I went to Hana Zen sushi in San Francisco, and got this. It’s called a Salmon Don bowl, and is basically lined on the bottom with the delicious sushi rice, then a layer of bok choy (cabbage) and then generous slices of fresh sushi fish. It was pretty cheap too considering how much food you get (about $12) and comes with the ginger and wasabi. This place is legit—you know you’re at a good sushi place when the venue is filled with native Japanese people enjoying their meals. I could hardly finish my food there was so much, and the staff was very friendly and attentive.
A cupcake shop I found. Excellent advertising! I totally pigged out, and when I told them I was a flight attendant who blogs about her travels they gave me some free cupcakes! Woot!
streetcars down by the fisherman’s wharf. It’s the coolest feeling riding the hills on a little old school trolley
ancient tugboat down by the fisherman’s wharf. Still going strong!
just hanging out
about to bike across the golden gate bridge. What they tell you at the bike rental places is that you have your own private bike roads, so you don’t have to worry about dodging traffic. What they dont tell you is that you will be riding uphill for miles and a 70 degree day feels about 20 degrees cooler over the bay. Bring a jacket! Furthermore, I was amused at my naivete—I thought it was going to be a short ride, so I only wore my Gap ballet flats. This turned out to be problematic—pedaling hard and keeping slip ons on your feet don’t mix well. Still, those shoes were champs, and they didn’t wear out or give up as I walked and biked all over the city for 8+ hours. While I don’t recommend them for biking, I’d highly suggest buying a pair for everyday use. They match everything and are super comfortable/ (and as I learned that day) durable! Way to go, Gap!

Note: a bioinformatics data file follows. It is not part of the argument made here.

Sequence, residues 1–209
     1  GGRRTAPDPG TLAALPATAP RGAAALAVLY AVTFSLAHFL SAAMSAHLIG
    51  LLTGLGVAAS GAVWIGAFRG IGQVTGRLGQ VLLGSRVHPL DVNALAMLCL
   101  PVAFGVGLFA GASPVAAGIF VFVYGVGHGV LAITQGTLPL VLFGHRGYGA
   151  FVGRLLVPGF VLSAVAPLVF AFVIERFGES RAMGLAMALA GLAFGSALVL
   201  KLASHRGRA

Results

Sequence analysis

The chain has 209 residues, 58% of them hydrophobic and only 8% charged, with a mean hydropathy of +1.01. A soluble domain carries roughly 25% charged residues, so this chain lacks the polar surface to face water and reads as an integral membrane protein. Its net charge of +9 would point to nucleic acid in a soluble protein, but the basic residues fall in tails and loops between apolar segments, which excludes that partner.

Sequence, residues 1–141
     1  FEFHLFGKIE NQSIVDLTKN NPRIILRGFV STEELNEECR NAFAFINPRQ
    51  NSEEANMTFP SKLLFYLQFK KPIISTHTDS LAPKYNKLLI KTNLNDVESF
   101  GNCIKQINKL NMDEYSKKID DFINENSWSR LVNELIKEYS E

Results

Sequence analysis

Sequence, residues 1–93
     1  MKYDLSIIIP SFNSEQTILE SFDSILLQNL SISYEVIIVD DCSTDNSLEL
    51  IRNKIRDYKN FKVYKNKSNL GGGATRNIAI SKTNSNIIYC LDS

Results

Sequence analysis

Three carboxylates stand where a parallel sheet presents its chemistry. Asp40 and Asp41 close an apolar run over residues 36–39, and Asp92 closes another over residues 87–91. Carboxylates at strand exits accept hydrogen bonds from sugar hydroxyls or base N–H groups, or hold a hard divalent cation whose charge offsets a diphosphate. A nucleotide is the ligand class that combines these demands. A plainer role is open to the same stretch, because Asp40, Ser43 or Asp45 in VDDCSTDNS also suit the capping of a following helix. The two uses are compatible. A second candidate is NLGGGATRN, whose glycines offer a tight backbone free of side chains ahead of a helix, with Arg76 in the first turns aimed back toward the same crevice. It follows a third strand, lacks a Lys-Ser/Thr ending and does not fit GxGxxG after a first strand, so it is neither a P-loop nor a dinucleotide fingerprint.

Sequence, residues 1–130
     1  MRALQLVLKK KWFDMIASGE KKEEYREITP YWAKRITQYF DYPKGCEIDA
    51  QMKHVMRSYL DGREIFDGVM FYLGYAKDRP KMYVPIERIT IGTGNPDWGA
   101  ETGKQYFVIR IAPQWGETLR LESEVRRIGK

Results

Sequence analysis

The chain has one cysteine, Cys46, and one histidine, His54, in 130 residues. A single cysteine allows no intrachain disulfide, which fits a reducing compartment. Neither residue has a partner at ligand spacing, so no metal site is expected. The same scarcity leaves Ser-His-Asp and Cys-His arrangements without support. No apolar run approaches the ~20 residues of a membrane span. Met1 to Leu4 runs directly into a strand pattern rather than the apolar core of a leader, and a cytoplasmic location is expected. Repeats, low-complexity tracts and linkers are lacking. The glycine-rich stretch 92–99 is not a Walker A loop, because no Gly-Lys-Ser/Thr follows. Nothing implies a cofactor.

Almost there! I thought my legs were going to fall off. Nothing humbles you more than watching avid bikers zoom past you while you’re huffing and puffing and trying to keep going.
The bridge and beautiful view was absolutely worth it, though. I crossed one of the items off my bucket list of things to do in my travels: the Golden Gate Bridge is even more breathtaking than its pictures, and is a true marvel of engineering/design.
The Fine Arts Museum. It looks like a little corner of paradise just tucked away for you to find.
The perfect way to end the day, with my toes in the sand, lounging in the sun! As a side note, I recommend buying one of these wireless chargers for your iPhone if you go traveling. It gives your tired battery a little pick-me-up when you need it most, and you just plug it in, press a button and it does its job. In the plane (okay, most planes), there is no where to plug your phone and we all know what its like to have searches to make, emails to check and pictures to take when your ever-important cellular device decides to die. This has saved my butt more times than I care to count.
As always, have safe and awesome travels my readers!
Catch me if you can!